Victorian Iron has met with landholders in Elmore to discuss its exploration plans and the impact on land in the region.ELAINE COONEY November 13, 2012 4:11am
A mining company has unveiled plans to search for iron ore west of Runnymede.
Victorian Iron met with landholders in Elmore last week to discuss its exploration plans and the impact on land in the region.
Victorian Iron senior geologist Benj Beatty, landholder liaison officer Sean Oakley and independent consultant David Morgan met with concerned residents at the meeting.
Mr Beatty said he was satisfied there was iron ore in the district due to State Government aero magnetic information from 10 years ago, used as a way to encourage investment to the area.
He said higher iron ore prices in recent years made the exploration worthwhile.
Mr Beatty said any possible mining in the region would be at least five years away, depending on the outcome of exploration in the region.
The mining company’s main site of interest is in the Shepparton area but other exploration sites are in Euroa, Rushworth, areas west of Bendigo and Runnymede.
Exploration work has not yet begun in the Runnymede district and the mining company sat with district residents to explain the exploration process and what impact it may have on their land.
The mining company believes minimal damage would be done to land during exploration, with three-inch wide and 18-metre deep holes being drilled and filled after investigation, with no chemicals used in the process.
Mr Oakley said the company would pay $200 a title for exploration and $20 for each hole it drilled on the property. If the mining company needed to enter the property outside of drilling times a $100 a day fee would be paid to the landholder.
One district resident asked if landholders had the right to refuse the mining company from entering their property and this was answered by Mr Morgan.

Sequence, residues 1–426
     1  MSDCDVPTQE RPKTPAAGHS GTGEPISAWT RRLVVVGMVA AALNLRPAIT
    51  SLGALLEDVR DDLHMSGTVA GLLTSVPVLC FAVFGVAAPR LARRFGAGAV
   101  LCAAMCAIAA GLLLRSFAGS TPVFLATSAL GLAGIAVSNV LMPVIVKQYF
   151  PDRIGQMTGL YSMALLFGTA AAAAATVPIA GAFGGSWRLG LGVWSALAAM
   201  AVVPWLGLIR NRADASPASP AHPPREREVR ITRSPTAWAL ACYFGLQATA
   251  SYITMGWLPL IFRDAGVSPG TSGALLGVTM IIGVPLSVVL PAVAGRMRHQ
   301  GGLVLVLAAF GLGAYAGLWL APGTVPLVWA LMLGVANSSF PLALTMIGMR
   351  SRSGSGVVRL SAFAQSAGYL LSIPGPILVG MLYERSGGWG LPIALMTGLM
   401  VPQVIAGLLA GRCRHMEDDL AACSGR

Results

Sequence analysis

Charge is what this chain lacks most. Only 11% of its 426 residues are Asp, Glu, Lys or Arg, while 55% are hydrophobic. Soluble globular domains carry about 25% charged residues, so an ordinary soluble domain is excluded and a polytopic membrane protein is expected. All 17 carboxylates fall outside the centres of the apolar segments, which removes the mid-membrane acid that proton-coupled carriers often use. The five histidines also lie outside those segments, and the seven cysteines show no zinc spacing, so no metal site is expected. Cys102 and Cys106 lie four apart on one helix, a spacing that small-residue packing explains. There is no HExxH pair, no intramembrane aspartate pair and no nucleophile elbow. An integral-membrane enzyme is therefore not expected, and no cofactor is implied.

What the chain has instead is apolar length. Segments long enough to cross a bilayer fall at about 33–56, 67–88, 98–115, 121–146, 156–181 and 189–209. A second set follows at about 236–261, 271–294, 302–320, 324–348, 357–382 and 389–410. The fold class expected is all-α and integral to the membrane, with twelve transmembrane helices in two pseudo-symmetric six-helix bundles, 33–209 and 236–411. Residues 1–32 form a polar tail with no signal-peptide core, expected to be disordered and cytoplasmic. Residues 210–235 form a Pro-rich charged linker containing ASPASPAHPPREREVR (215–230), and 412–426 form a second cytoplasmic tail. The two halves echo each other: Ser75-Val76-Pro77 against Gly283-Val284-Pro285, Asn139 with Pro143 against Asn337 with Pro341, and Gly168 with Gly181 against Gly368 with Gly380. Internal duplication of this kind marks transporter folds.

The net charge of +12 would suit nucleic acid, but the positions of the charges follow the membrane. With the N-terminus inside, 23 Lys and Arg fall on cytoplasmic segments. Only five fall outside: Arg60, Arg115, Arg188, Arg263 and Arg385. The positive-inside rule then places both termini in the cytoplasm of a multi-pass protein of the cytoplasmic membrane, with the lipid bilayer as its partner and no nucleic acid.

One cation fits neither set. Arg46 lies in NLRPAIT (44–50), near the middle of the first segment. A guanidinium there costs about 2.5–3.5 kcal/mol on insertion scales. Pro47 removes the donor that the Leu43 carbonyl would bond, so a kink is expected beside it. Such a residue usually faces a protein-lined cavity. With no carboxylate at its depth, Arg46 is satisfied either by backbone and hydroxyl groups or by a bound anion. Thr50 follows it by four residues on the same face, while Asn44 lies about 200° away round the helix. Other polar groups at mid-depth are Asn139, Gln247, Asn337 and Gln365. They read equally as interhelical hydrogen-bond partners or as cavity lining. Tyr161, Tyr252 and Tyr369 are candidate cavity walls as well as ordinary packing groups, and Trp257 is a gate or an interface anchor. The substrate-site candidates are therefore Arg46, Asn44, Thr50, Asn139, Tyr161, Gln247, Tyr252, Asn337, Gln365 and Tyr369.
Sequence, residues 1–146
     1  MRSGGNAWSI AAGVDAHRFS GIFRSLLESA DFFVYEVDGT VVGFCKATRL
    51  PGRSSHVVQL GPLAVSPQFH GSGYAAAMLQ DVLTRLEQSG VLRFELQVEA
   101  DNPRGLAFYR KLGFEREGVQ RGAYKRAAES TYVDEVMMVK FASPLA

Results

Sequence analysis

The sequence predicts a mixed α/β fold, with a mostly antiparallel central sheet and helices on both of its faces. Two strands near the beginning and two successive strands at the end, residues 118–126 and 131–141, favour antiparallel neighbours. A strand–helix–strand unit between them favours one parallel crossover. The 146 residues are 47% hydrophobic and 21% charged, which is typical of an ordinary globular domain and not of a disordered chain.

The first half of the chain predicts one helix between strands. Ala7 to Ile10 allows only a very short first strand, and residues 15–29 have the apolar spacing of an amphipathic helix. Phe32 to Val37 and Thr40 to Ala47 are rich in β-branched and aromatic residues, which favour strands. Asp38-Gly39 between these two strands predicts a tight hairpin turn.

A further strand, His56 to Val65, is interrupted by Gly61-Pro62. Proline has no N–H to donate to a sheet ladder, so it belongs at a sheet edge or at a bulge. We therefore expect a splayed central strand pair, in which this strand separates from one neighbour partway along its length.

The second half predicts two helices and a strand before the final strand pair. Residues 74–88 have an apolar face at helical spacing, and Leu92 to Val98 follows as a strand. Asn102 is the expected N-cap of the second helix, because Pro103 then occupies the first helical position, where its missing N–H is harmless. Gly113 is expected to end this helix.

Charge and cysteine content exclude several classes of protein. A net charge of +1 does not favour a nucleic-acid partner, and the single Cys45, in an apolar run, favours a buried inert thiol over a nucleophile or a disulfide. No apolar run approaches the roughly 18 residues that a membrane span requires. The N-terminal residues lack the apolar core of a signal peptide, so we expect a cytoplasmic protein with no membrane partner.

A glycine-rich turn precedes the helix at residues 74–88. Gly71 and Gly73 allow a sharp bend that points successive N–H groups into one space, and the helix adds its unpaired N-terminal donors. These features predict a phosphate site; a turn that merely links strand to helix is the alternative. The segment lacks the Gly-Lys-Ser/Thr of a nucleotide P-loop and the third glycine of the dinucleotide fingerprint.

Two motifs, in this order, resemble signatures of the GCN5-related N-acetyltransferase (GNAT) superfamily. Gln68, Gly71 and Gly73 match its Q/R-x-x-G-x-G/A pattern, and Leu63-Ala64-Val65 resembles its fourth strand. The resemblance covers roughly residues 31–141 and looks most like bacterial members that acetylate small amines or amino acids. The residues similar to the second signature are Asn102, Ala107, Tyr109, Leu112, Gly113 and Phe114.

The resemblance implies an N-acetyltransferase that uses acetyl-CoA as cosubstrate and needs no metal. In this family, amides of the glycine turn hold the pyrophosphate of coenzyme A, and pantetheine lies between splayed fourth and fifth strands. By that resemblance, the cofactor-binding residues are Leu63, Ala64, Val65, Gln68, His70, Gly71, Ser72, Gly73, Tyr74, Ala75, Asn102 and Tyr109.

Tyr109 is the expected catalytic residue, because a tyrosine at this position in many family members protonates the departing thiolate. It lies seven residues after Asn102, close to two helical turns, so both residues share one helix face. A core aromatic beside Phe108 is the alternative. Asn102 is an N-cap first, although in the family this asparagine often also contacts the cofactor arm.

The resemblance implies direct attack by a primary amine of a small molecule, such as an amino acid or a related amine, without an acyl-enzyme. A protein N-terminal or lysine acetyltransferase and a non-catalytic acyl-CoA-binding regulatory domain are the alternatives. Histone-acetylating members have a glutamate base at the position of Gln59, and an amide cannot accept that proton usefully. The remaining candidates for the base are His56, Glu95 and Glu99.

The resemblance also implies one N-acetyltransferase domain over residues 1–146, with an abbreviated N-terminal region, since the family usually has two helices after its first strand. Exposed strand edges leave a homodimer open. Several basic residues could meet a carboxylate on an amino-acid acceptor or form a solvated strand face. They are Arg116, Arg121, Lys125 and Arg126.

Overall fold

‘‘The law is that the company needs to have consent of the landholder to do what it needs to do,’’ he said.
‘‘If that consent is not given the two parties have to sit down and agree to compensation and if that doesn’t happen it goes to the mining warden.
‘‘The mining warden will then come in and arbitrate and mediate. If he is unsuccessful in doing that, the parties end up at VCAT.’’
The resident then asked if this was going to cost the landholder money to fight legal issues.
Mr Morgan said during the mining warden phase no money would be spent by the landholder and he had never seen it reach that stage.
Another resident asked what would happen if the mining company dug big holes in the ground and ran out of funds.
Mr Beatty explained that mining companies had to secure a bond with the State Government before beginning exploration work so such situations would be covered financially.
Mr Morgan explained the landholder agreement would be written up between the farmer and mining company.
Mr Oakley said when agreements were reached with farmers and the mining company certain conditions could be stipulated such as which entrance to use, hours of work and what you do not want to happen on your property.
Mr Morgan said he had only seen mining exploration going through a crop one time and the farmer was paid full compensation by giving him the highest grain price for his flattened paddock.
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